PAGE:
A car accident can be a disorienting experience for the average person. The loss of a vehicle, the potential for injury and the thicket of legal and financial problems that must be navigated can be overwhelming, especially for someone who is inexperienced and doesn’t have the right kind of counsel.

Despite these potential problems, anyone involved in a serious accident should perform a few basic tasks as quickly as possible so as to do two things. First, they must protect themselves legally by preserving their rights and the facts at the scene. Second, they must protect themselves financially by not unnecessarily confusing the situation with innuendo and speculation.

If you are involved in a car accident, here are some things to consider.

Safety First

Naturally, if there are injuries or if any of the victims of the accident are in danger, they should be cared for first. Vehicles should be moved out of traffic, any hazards at the scene should be dealt with and those with appropriate training and supplies should render first aid where necessary.

Remain Silent

If you are involved in a car accident, and especially if it is one where the police respond to the scene, you should under no circumstances discuss the accident or answer any questions. Your only legal duties at the scene are to provide the appropriate paperwork to police and the other drivers. Getting into a freewheeling discussion of fault, who saw what and when, and so forth is something your attorney and your insurance company would likely rather you avoided.

Drivers should be aware that any car accident carries with it the potential for both civil and criminal liability. This is chief among many reasons it is vital that you remain silent until you can consult with your attorney.

Lock Your Car

If there is anything in your car, put it in the trunk. Lock the doors and roll up the windows. There is no reason to allow an ad hoc search of your vehicle by forgetting to secure it. While you are locking your car, remember your answer to every question from police about what may or may not be inside. “I consent to no search of my person or property.” If the police persist, ask for a lawyer.

Gather Evidence

One of the greatest events to ever take place as far as car accident victims are concerned was the invention of the portable television station, also known as the digital-camera-equipped mobile phone you are carrying around in your pocket. There can be no greater tool for someone gathering evidence than a camera with virtually unlimited film.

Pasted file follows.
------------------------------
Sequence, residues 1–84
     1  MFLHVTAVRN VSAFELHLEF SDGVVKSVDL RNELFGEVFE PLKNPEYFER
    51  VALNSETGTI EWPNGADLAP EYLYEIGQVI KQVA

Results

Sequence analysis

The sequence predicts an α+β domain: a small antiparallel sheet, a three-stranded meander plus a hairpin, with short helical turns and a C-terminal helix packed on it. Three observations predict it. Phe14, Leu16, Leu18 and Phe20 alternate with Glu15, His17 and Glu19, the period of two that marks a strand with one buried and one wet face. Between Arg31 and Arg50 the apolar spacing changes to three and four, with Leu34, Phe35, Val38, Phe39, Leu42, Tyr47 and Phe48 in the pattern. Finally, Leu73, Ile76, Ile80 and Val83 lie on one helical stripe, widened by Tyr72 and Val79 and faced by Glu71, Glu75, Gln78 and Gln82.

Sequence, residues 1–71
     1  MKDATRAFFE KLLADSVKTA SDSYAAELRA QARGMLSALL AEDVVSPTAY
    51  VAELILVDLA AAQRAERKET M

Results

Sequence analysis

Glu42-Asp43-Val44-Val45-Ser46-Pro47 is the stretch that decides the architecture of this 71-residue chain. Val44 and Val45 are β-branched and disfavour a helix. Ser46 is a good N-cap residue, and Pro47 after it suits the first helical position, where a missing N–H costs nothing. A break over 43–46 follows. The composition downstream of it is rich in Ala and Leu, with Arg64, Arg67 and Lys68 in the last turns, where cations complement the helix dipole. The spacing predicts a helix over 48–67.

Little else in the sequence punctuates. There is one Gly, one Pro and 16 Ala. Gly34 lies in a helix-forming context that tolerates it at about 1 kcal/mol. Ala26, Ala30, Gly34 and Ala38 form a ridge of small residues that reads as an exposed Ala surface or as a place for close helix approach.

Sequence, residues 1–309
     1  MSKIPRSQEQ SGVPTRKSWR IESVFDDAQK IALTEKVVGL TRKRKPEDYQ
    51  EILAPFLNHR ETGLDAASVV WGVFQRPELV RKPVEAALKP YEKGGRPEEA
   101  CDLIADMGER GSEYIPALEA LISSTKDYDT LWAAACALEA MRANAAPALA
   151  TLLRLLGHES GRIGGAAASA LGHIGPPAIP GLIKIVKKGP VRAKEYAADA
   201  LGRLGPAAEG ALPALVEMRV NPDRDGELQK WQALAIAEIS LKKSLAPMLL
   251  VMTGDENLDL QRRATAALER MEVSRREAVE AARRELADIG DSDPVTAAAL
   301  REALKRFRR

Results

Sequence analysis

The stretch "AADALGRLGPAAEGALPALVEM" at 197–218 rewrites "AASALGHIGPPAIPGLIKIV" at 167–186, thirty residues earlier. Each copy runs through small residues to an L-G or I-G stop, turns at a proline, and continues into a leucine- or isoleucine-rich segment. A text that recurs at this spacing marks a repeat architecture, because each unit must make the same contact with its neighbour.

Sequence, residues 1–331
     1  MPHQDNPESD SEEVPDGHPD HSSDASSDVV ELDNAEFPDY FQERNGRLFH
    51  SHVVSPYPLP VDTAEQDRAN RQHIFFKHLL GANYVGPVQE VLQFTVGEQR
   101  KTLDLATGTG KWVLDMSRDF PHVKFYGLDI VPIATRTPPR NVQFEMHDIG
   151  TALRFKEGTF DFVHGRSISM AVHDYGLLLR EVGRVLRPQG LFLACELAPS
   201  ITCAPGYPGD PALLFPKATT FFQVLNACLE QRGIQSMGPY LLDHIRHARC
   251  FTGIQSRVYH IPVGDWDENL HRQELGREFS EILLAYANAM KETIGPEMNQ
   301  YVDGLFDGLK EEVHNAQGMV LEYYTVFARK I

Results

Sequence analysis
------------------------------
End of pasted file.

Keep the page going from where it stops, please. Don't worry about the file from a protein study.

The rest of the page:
Your data-gathering expedition should start with everyone’s documentation, including the license plates of every vehicle at the scene including tow trucks, ambulances and police cars. Get pictures of all the damage to all vehicles from as many angles as possible. Take pictures of the insides of all vehicles if you can. Include the front and back seats. You never know what those pictures might reveal at some later date.

Once you have the principal information saved, move on to the surrounding area. If there are witnesses, get their statements on live video, and make absolutely sure to get names and home addresses if you can. Look for any surveillance cameras in the vicinity and take pictures of them. Note and photograph any nearby street addresses.

Then make certain to get photos of the road and weather conditions. Get shots of any street signs, lights, road damage or street markings within 200 feet of the accident. Photograph the sky. If there are skid marks or any other artifacts left behind by the vehicles like damaged light lenses or other wreckage, take pictures of them and make sure the shots provide relative distances to the accident scene itself.

Your attorney will be delighted to learn you will be providing a thick sheaf of papers he or she can wave in the air in the event you go to trial. The litigant who can reconstruct the accident scene four months later is far more likely to prevail in the event of a dispute.

Insurance Company

Let your attorney notify your insurance company about the accident. You stand a far better chance of preserving your coverage and your rights if someone familiar with the insurance code engages in a discussion of the particulars with a company highly motivated to deny your claim. Once you retain counsel, let them do the talking.

Your top priority after an accident is to protect yourself, mainly because the one certainty in the whole situation is nobody else but your attorney will. Find highly qualified counsel and let them do their thing. You’ll be far better off in the long run.